Blurring boundaries: farmland and vegie gardens
Posted in Movements by Kate Archdeacon on October 26th, 2009
David and Kay Hicks run a small family farm, “Chyanhall”, in Cornwall (UK) with their daughter Carly. Just over two years ago they decided to look for an alternative income from the land and considered such things as moutain- and quad-biking tracks. Realising that there was a growing demand for allotments, they decided to research this area instead.
Eighteen months ago the first allotment was fenced for the first tenant, now there are 120 allotments on 8 acres, which cover three small fields, and a waiting list of another 40 interested people. A full size allotment costs just £1.92 per week. Prior to the allotment scheme David and Kay’s eight acres were generating around £700 per year, mostly as grass keep for livestock, or producing a cut of silage or hay. It does not take too much time with a calculator to discover that the income from this ground has risen from £700 per year to around £12,000.
There are no CAP [Common Agricultural Policy] subsidies operating here, no top down European directives, no skewing of world markets to generate activity, just pure common sense and responding to local demand.
All new allotment holders are allowed a period of one year to develop their plot, as it comes with no work done apart from a round post at each corner. The tenant puts in the remaining posts and erects the rabbit proof fencing. The ground will just be original pasture, which makes the first year potentially hard work. If after the first year the allotment isn’t sufficiently cultivated and is neglected then the tenant is asked to make improvements within a fortnight. If this is not done they are asked to leave and their allotment is re-let. Tenants are encouraged to practice rainwater harvesting as the farm would struggle to maintain low allotment rental prices if it supplied all the water. A local water supply company does offer large tanks and a regular delivery of water, but this can become expensive in dry summers.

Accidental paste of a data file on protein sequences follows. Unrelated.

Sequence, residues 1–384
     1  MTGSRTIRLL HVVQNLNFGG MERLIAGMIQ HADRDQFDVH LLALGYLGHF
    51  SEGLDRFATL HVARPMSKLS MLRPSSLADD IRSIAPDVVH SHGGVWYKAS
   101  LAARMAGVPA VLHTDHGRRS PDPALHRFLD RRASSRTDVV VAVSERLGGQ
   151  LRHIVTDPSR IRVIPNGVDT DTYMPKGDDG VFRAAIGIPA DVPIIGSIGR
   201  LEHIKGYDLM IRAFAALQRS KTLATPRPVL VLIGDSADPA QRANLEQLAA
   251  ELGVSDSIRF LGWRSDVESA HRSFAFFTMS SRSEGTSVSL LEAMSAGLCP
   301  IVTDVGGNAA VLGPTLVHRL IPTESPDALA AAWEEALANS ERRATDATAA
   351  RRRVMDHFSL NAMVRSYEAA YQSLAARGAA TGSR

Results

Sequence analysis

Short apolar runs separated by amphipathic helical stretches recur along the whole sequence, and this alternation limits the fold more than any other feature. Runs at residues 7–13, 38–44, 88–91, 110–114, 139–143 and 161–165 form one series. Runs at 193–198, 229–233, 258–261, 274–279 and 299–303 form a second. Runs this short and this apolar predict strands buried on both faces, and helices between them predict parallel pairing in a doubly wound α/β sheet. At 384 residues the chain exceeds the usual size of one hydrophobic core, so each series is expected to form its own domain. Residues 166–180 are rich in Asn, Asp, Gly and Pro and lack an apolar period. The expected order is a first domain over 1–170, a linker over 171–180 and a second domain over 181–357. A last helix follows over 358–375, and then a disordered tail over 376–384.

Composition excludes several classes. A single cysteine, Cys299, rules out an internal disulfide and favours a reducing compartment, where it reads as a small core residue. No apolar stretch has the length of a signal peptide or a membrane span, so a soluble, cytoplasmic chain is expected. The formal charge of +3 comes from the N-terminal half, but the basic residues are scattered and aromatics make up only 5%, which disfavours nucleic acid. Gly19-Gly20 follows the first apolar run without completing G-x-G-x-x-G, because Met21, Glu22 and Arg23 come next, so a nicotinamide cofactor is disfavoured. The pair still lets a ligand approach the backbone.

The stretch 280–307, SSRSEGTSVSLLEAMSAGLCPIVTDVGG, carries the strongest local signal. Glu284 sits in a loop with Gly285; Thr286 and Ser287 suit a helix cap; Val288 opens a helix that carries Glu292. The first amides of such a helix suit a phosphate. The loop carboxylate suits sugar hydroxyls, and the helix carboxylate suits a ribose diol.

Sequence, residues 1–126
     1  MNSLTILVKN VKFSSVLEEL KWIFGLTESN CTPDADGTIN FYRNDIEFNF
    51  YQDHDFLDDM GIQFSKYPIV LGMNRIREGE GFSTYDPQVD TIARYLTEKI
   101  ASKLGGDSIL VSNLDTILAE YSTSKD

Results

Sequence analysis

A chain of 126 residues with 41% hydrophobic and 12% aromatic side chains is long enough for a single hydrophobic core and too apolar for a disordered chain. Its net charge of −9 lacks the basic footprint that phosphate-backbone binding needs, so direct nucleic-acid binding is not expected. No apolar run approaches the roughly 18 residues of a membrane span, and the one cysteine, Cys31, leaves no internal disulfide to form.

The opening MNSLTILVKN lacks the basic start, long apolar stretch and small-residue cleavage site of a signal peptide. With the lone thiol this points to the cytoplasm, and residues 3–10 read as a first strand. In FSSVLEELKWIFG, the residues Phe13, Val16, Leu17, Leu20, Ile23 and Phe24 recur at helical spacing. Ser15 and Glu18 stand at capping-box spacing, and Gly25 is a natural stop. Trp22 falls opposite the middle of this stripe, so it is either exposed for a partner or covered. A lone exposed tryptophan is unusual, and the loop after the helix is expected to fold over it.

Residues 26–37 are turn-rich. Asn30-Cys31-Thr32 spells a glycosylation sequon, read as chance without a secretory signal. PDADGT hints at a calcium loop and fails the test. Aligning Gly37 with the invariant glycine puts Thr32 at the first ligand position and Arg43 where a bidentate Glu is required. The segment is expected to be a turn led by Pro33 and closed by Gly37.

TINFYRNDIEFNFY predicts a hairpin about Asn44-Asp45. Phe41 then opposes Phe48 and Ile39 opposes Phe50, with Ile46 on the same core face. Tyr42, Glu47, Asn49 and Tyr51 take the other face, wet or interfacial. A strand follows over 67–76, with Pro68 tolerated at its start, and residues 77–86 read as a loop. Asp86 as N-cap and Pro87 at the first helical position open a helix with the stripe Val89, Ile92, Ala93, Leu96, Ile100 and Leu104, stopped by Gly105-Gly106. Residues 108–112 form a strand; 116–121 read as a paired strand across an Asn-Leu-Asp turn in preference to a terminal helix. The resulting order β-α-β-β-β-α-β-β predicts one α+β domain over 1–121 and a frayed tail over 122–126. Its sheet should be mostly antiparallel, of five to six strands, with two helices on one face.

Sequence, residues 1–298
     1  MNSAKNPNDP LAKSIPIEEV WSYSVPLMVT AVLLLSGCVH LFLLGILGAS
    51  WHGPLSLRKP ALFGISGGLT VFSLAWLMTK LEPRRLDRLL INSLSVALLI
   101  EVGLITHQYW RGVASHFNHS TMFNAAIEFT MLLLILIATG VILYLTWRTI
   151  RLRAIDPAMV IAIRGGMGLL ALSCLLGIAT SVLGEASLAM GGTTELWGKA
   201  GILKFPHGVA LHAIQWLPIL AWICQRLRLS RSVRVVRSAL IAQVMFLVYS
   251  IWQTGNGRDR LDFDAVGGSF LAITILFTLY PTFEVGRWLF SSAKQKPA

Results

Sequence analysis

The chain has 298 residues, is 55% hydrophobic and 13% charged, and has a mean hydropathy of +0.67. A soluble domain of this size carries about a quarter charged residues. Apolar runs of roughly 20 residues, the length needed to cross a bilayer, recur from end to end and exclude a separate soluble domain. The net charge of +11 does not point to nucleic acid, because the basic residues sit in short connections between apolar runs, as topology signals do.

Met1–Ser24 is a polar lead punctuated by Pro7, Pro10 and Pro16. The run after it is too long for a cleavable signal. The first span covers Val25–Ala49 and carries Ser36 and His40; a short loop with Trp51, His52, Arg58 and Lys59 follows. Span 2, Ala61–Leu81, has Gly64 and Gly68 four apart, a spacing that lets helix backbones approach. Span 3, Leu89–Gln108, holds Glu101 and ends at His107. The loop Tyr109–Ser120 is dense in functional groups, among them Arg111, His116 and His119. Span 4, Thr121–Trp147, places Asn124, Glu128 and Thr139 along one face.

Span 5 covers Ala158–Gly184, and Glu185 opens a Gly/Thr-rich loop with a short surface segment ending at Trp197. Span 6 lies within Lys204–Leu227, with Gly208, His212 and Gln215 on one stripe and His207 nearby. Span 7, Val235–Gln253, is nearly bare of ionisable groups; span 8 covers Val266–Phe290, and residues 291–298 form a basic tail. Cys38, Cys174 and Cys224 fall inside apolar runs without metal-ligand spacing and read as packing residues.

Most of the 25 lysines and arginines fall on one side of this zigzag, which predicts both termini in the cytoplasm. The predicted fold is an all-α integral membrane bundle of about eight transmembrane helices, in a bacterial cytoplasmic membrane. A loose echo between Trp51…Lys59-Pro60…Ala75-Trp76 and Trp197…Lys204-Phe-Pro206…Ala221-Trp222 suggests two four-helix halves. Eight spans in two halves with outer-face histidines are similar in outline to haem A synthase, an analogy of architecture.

David and Kay have had an obvious increase in income. What they have also done, though, is create a strong customer base for their other farm produce, pigs and poultry. Allotment holders buy the pork to go with their homegrown vegetables and invariably the Christmas bird comes from Chyanhall as well. And there is an obvious market for bags of well-rotted manure.
For people in urban communities with no access to land, being able to provide for one’s own needs is empowering, and being able to grow your own food gives a feeling of security. Reducing the food miles of what we eat is essential. Learning to harvest, and store and save seed are all skills that surely must be re-learnt as worldwide food production becomes challenged. Giving urban populations access to the land immediately surrounding their communities for food production can only make simple and perfect sense. It doesn’t take a scientist or a politician to make this happen and we don’t have to wait for any top-down initiatives. We just need to convince farmers and landowners that it can work and can benefit all involved.
Thanks to David and Kay Hicks there is now a working model on which to base future farm allotment schemes. For any farmer owning land close to a large centre of population this must surely be an option worth considering.
David and Kay were greatly assisted by The National Society of Allotment and Leisure Gardeners (NSALG), which was able to give advice on tenancy agreements and the general running of an allotment site.